17 Dec 1969 - Third World Quiz Win In A Row To N.Z.
The Wellington “wizards of quiz”, Mr E. R. Dearnley and Mr J. W. Winchester, took New Zealand to its third successive win in the world radio quiz programme, “World Quiz ‘69,” on Saturday night.
The show is broadcast on the national programme and the New Zealanders competed with teams from Britain and Australia.
In the final programme of a 13-week series the local pair won with a final score of 379 points over Britain. 333. and Australia. 270.
What makes a world-class brain of this nature? Ralph Dearnley is a bachelor— when he spoke by telephone from Wellington last night he was cooking dinner for “myself and the cat.” A master of arts in mathematics—”for some odd reason pure maths are considered an art whereas applied maths are a science; or they were in my day”— Mr Dearnley is also a bachelor of science.
He is interested in all sorts of subjects but especially current affairs. He says he has always read almost anything but has begun to read more ideas and less fiction as be has grown older. — “most especially history and scientific matters.”
Mr Dearnley works as a biometrician (biometrics or the measurement of living things) for the Department of Agriculture and describes his work as being the application of statistical methods to agricultural problems.
He denies a photographic memory in its accepted sense. “I can equally well remember facts that come orally—and that is the correct word, I don’t mean verbal, misuse of language is one of my peeves—as those that I read”
Reads Nearly Anything
His colleague, Jim Winchester is a master of arts in history. He is married, with a two-year-old son. He - works as an advisory officer—”clerk actually, but the phraseology is more grandiloquent than it used to be”—in the Department of Industries and Commerce.
Mr Winchester, too, renounces the theory of photographic memory “I believe it can apply with artist who can memorise perfectly and subsequently paint a perfect reproduction of a tree but it doesn’t apply with the written word.”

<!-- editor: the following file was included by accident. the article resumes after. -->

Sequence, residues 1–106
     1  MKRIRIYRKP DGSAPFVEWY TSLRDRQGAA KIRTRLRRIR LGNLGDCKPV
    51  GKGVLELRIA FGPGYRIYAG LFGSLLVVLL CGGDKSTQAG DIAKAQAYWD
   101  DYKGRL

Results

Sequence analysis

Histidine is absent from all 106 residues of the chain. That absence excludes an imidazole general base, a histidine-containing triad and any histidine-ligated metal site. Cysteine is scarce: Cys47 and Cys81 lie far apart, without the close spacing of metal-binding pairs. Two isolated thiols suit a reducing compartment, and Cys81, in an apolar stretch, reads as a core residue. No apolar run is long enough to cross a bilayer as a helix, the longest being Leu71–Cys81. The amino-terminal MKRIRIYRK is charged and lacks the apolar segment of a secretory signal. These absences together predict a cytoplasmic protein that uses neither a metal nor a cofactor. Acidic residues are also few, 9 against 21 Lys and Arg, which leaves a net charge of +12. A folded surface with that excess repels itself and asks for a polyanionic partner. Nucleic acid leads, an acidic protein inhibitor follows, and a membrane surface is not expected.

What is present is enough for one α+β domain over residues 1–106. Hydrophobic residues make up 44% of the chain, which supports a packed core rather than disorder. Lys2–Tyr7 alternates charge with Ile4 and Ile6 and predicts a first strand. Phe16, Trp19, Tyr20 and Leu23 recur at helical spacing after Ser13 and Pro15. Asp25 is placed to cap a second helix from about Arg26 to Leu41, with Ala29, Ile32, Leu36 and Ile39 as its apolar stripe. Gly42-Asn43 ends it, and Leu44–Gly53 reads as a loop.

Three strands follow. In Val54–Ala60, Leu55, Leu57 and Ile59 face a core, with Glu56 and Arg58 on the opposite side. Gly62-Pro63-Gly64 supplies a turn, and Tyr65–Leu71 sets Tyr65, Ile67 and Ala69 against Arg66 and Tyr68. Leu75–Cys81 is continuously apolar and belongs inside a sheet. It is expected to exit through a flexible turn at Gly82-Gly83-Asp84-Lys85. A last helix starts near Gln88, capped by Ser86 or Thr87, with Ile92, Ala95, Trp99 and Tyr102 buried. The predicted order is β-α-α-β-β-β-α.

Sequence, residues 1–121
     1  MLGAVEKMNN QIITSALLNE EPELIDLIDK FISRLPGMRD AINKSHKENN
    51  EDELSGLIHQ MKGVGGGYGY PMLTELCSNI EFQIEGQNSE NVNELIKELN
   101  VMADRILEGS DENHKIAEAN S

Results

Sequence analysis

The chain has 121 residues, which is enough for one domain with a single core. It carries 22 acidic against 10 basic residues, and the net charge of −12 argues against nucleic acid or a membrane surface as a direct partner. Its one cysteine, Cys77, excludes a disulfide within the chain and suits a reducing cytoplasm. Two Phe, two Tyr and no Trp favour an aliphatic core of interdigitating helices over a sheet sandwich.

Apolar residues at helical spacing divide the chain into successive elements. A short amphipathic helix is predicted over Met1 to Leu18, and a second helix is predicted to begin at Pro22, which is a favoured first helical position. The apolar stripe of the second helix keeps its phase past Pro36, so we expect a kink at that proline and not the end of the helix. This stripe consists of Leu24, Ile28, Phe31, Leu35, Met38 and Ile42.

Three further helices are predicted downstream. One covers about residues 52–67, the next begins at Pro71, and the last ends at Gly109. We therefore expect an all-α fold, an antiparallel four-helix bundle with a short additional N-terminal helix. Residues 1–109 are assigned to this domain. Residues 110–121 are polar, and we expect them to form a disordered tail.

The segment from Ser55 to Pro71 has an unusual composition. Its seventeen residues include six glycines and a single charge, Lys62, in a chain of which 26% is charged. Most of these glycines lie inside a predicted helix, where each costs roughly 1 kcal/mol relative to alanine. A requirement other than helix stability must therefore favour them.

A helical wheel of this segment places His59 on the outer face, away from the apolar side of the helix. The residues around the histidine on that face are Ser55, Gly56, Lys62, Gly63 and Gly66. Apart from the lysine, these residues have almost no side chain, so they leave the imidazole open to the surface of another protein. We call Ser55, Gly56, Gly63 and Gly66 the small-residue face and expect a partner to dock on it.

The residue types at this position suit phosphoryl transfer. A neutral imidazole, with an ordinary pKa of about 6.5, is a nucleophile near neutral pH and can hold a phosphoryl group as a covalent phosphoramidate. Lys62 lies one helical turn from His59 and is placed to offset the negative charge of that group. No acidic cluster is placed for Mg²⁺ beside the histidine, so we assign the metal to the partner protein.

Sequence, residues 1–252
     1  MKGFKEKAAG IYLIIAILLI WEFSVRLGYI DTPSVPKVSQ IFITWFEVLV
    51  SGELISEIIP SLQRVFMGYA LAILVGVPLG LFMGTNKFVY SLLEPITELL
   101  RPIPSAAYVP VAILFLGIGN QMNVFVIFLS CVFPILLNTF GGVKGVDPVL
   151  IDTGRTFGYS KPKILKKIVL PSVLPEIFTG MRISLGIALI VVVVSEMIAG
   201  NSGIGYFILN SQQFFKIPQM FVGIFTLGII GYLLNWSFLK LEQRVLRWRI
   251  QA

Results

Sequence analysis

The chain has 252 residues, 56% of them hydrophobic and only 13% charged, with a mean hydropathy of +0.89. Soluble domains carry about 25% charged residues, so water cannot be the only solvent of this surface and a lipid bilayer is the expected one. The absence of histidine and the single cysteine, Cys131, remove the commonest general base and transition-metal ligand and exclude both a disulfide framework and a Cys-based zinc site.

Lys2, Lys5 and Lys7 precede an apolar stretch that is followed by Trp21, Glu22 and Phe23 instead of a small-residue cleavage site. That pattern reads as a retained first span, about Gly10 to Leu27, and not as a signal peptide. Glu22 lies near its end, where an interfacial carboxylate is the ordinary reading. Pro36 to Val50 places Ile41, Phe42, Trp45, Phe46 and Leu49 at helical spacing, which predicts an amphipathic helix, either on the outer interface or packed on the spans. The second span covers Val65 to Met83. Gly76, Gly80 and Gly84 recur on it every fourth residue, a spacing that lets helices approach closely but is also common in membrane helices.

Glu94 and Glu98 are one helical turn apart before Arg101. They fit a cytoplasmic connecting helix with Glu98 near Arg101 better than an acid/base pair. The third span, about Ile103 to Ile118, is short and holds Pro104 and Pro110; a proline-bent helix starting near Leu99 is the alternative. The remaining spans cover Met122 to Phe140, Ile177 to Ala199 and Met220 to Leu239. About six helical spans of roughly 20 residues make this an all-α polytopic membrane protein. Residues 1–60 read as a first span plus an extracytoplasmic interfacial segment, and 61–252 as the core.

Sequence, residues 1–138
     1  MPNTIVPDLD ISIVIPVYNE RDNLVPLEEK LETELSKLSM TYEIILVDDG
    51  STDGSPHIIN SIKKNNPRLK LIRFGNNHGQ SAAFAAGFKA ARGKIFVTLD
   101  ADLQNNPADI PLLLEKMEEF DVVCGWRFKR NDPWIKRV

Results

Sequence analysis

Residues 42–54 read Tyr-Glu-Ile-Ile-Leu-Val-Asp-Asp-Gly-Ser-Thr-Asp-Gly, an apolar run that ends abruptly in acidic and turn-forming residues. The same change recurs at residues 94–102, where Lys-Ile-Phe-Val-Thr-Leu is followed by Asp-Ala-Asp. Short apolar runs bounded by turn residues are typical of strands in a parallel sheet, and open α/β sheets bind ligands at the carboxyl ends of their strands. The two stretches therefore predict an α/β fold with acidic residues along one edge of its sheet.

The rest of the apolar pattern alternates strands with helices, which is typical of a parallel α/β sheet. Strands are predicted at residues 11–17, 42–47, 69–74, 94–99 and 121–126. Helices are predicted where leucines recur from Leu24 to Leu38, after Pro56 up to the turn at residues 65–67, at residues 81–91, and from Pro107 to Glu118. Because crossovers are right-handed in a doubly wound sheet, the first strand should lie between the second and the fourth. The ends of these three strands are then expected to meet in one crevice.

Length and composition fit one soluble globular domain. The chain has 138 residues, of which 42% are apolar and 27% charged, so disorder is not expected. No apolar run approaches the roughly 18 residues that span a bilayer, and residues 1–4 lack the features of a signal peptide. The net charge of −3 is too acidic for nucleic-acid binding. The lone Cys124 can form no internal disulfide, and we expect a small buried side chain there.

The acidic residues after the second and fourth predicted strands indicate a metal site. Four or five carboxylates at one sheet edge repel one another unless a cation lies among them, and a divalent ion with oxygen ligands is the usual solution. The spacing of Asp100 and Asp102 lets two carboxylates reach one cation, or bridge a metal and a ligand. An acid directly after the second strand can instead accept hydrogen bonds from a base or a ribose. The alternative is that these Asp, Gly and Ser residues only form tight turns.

He claims his knowledge to be more superficial than that of his partner’s: “Ralph, for example, can work out meanings of words from their Greek or Latin roots. I can’t, which speaks for a classical education. I don’t read as much as I did—with the baby and, the garden and everything—but I still read a fair amount.”
“At the moment I’m working my way through Trollope, I’m about a third of the way through. But usually I’ll read just about anything”
Mr Winchester attributes some of the pair’s continuing success to an increasing anticipation of the line of questioning. “We know, for example, that the questions are usually set some two days before the programme and that many of them will concern topical events. By careful reading we can prepare accordingly. After a while, too, you get to know the question writer’s mind and interests—rather like someone who regularly completes crosswords can get to know the setters quirks and tastes.’’
Some From Cranks
Letters frequently arrive at the homes of both of the team—some from cranks, some indignant and some seeking advice.
“Both team and answer have been proved wrong on occasions by knowledgeable correspondents,” said Mr Winchester.
“In one programme we were asked who was the last Chancellor of Germany immediately before Hitler. The answer given, and accepted as correct, was Von Papen. An irate correspondent soon let us know that the correct answer was Von Schleicher.
“Other corrections have come in on such differing subjects as God’s promise to Abraham and Cinderella’s glass slipper.”
Very often, too, the pair are called upon, telephoned or written to for advice in their capacity as “brains” in rather the same way that people write to E. C. Marshall of “The Defenders” for legal advice simply because his role portrays him as a lawyer.
“We help if we can” says Mr Winchester. ‘‘Very often people ring up to ask me to settle a bet (one recent caller asked if there was, in fact, a Peruvian language) and kids even call to get answers to their homework problems. It can get a little heavy at times but normally I’m only too pleased to help out.”
And what of the future? The three-country quiz teams will be linked again on Christmas Day for a similar programme but it lighter vein.
How much lighter? “Joan Clark (the producer) was thinking at one time of getting us all to sing carols,” said Mr Dearnley thoughtfu1ly, “but I hope for every one’s sake that it doesn’t turn out quite like that.”
‘King of Quiz’ Dies at 72
10 Aug 1987
Mr Ralph Dearnley, the former New Zealand ‘king of quiz’, has died in Warsaw. Mr Dearnley, aged 72, of Wellington, had been in Poland for the World Esperanto Congress and was about to go on a holiday.
A regular panelist on the now-defunct National Programme quiz show Stump the Brains Trust. Mr Dearnley held numerous prizes for his performances at quiz contests.
source: Many thanks to Mathew Dearnaley for this item
Ralph Dearnley is believed to be 3rd from left, at the far end of the table
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